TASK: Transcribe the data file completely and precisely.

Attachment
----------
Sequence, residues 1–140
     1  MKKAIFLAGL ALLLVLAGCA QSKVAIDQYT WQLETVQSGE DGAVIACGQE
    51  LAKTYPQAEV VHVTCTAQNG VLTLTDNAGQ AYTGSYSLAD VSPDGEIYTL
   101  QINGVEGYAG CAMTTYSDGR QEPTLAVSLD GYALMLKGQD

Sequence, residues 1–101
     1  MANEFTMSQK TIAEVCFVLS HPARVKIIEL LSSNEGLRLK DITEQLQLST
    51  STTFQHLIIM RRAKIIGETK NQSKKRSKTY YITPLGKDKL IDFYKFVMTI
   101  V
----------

Sequence, residues 1–140
     1  MKKAIFLAGL ALLLVLAGCA QSKVAIDQYT WQLETVQSGE DGAVIACGQE
    51  LAKTYPQAEV VHVTCTAQNG VLTLTDNAGQ AYTGSYSLAD VSPDGEIYTL
   101  QINGVEGYAG CAMTTYSDGR QEPTLAVSLD GYALMLKGQD

Sequence, residues 1–101
     1  MANEFTMSQK TIAEVCFVLS HPARVKIIEL LSSNEGLRLK DITEQLQLST
    51  STTFQHLIIM RRAKIIGETK NQSKKRSKTY YITPLGKDKL IDFYKFVMTI
   101  V